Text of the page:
“Coming to America: The Story of Immigration,” by Betsy Maestro and Touro University TESOL Candidate Ada Hirschfeld’s Text Analysis

EDDN 637 Second Language Learners and the Content Areas: Students will become acquainted with and practice effective approaches, methods, and strategies for teaching and evaluating English language learners in the content areas (ELA, social studies, math and science). Throughout the course, students will explore the impact of culture and language on classroom learning. Special challenges in teaching and assessment in each content area will also be discussed. Includes 15 hours of fieldwork.

Adah Hirschfeld is a New York City Public School librarian who currently works at IS 240 in Midwood, Brooklyn. She holds a Master of Library and Information Science degree from Pratt Institute and a Master’s degree in School Administration from Touro University. She is pursuing certification in TESOL to better meet her students’ language and literacy needs.

The Text Analysis discusses the cognitive and linguistic demands of a content area text. Touro University TESOL/BLE candidates closely analyze a chapter, or an aspect of one content-area text currently in use or recommended by New York State/BOE. Upon analysis of underlying concepts, they develop a thesis and purpose for their analysis. Mrs. Hirschfeld’s paper sequences her ideas with evidence from the text supporting essential points. Her critique features substantial, logical, and concrete development of ideas describing what makes that concept or section challenging for ELLs.

Phonics and phonological decoding of the multi-syllabic words may be difficult for ELL students. Examples of words that do not follow standard rules are: ocean, fascinating, officials, unique, foreign. Students would have to be aware of the hard and soft “c” sounds of recent, cities, places, and appreciation. As well as the spelling patterns and pronunciation of words ending in -gh and -ght.

Ada Hirschfeld, Touro University TESOL Candidate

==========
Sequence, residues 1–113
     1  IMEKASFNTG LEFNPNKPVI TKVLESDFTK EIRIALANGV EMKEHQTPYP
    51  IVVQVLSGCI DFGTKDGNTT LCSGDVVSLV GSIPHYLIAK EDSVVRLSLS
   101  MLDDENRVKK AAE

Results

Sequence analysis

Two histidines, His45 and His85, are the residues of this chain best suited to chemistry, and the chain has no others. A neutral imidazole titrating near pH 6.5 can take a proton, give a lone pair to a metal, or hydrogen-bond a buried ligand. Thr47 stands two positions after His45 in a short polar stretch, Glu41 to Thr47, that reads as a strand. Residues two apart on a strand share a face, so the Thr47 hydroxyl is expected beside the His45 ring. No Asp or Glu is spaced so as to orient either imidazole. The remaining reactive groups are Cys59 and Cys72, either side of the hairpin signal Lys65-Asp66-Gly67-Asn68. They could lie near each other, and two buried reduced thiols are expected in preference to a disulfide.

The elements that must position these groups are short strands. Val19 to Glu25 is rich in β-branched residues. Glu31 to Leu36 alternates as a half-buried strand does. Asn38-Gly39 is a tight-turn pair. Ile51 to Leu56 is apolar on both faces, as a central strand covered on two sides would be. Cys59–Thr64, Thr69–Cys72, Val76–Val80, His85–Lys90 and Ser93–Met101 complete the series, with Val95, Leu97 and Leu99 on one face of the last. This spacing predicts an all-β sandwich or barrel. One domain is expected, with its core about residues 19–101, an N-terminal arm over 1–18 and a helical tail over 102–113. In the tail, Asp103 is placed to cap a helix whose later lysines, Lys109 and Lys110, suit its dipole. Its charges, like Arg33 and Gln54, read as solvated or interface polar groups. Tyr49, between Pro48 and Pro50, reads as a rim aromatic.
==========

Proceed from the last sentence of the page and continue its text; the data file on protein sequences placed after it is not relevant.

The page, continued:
Overall, this is a highly complex text for English language learners. The sentence length, multisyllabic unknown words, and academic vocabulary are difficult for readers to comprehend without scaffolds and modifications. The illustrations correspond to and enhance the text allowing the reader to gain an understanding but without the visual enhancement, meaning may be lost.

Ada Hirschfeld, Touro University TESOL Candidate

Author: drcowinj

Education is our passport to the future, for tomorrow belongs only to the people who prepare for it today,” determined Malcolm X at the O.A.A.U.’s [Organization of Afro-American Unity] founding forum at the Audubon Ballroom. (June 28, 1964). (X, n.d.) Dr. Jasmin Bey Cowin a Fulbright Scholar, SIT Graduate, completed the Education Policy Fellowship Program (EPFP™) at Columbia University, Teachers College. Dr. Cowin served as the President of the Rotary Club of New York and Assistant Governor for New York State; long-term Chair of the Rotary United Nations International Breakfast meetings; and works as an Assistant Professor at Touro College, Graduate School of Education. Dr. Cowin has over twenty-five years of experience as an educator, tech innovator, entrepreneur, and institutional leader with a focus on equity and access to digital literacy and education in the Sub-Saharan Africa region. Her extensive background in education, administration, not-for-profit leadership, entrepreneurial spirit, and technology innovation provide her with unique skills and vertical networks locally and globally. Dr. Cowin participates fully in the larger world of TESOL academic discipline as elected Vice President and Chair-Elect for the New York State, NYS TESOL organization, for the 2021 conference. Ongoing research, expressed in scholarly contributions to the advancement of knowledge is demonstrated through publications, presentations, and participation in academic conferences, blogging, and other scholarly activities, including public performances and exhibitions at conferences and workshops. Of particular interest to her are The Blockchain of Things and its implications for Higher Education; Current Global Trends in TESOL; Developing Materials and Resources in Teaching English; E-learning; Micro and Macro-Methodologies in TESOL; E-Resources Discovery and Analysis; and Language Acquisition and the Oculus Rift in VR.

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